Every Jew wants to be perfect, but that s just a wish that one day he ll get up in the morning and find that he s perfect. That is not a desire. Only when you want and work to reach a level and state of holiness do you have real desire.

So a false desire can always be great. Whatever state a person is in, he can always have the same desire to suddenly become immensely wealthy, or that he will instantaneously become a spiritual master. But that is not real desire, a desire that comes with work.

Such a person doesn t leap, but he trods, he walks steadily to a higher state and level of serving God, and his mind is fixed on continuing to grow. And so a person s desire corresponds to his level. If he is small, his desire is small. But when his service of God grows greater and he rises, then his desire grows greater.

So if you want to know what level you are on, look at your desire: at what you have desired in the last year or two and what you desire now. If the two are equal, or if your desire has grown, then (thank God) you have been growing spiritually.

Tzav V ziruz, pp. 333-34

by Rabbi Chaim Vital

And two years later, my Ashkenazi teacher of blessed memory [the Ari] came to Tzefat and I learned with him.

And a little while before he passed away he told me, A son will be born to you now, with whom your wife is already pregnant, who is five hundred levels greater than you, but it is not clear whether he will live... And my teacher passed away, and this son also passed away after a year and a half. I called him Yosef, and his awareness was perfect. And a week before he passed away, he spoke words that were close to prophecy.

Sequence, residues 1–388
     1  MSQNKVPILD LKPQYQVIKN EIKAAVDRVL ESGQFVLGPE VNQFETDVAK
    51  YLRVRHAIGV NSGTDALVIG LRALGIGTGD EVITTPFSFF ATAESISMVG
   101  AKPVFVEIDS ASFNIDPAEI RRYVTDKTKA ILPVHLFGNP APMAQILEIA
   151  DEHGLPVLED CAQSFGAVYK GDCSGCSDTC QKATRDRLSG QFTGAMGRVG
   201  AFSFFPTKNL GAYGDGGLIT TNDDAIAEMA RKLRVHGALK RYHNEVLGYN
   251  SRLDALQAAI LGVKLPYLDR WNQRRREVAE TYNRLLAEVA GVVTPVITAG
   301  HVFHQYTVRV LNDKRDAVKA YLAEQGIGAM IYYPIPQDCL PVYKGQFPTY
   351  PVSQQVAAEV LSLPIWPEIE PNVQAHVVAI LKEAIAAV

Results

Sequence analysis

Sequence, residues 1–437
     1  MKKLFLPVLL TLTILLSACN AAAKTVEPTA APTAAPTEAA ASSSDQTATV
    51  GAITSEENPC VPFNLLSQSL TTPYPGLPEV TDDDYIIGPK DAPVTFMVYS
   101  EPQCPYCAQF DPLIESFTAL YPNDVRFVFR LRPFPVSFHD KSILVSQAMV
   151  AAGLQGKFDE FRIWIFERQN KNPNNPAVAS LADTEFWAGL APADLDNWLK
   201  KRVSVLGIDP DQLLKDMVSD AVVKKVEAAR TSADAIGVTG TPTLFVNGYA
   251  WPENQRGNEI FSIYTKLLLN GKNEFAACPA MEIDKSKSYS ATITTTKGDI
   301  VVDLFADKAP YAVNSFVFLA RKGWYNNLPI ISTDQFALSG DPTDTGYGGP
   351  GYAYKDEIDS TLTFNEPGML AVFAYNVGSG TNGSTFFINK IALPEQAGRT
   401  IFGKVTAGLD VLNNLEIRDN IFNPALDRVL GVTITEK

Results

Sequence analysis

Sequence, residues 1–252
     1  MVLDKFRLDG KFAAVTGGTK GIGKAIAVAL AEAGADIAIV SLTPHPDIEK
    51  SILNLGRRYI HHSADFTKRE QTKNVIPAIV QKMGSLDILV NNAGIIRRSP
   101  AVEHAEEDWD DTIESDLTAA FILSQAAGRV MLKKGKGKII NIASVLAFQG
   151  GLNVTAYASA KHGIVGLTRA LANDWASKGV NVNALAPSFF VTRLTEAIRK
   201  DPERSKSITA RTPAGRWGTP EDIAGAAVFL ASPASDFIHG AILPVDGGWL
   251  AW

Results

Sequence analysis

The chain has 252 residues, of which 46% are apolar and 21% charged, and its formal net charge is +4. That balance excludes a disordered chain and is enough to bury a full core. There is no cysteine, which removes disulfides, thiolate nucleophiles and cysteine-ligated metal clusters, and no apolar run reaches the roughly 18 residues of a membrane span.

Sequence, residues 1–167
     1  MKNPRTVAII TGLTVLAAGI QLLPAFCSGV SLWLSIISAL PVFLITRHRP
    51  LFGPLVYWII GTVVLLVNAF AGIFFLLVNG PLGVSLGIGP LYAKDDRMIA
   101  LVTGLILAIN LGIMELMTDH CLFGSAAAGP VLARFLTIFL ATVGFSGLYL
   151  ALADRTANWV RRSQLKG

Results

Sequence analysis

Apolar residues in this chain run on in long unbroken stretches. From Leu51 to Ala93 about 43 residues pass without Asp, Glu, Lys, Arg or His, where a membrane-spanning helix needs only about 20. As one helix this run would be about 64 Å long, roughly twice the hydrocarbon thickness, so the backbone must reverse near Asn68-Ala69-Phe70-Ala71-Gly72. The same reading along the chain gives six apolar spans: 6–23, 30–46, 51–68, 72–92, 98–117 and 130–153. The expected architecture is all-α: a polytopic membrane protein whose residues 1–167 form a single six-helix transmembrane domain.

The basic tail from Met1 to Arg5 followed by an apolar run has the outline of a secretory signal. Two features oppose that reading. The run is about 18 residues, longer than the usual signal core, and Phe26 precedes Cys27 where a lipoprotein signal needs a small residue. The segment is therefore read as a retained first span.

I thought that my teacher is the Torah scroll of the Ashkenazim [in my dream], and that he had been reincarnated into that son, Yosef, and that it was he whom I had circumcised in that dream.

** The year 33 [1570], 15 Tammuz.

I asked a dream-question regarding [my] grasp of Kabbalah.

In the dream, I saw an old man who looked like Rabbi Avraham Halevi Mugrabi sitting at the window in my house. He greeted me, and I responded in kind. He said to me, Do you want me to teach you some explanations and secrets of tefillin?

I said to him, If you want, I will teach you more than eighty wondrous secrets regarding tefillin, which you have never heard. He thought that I was joking, and he began to tell me a number of secrets, but I was dismissive.

And so he turned to go.

I said to him, First of all, why did you come, and now why are you going?

He said, You called me, so I came. And since you aren t speaking to me, I am going on my way.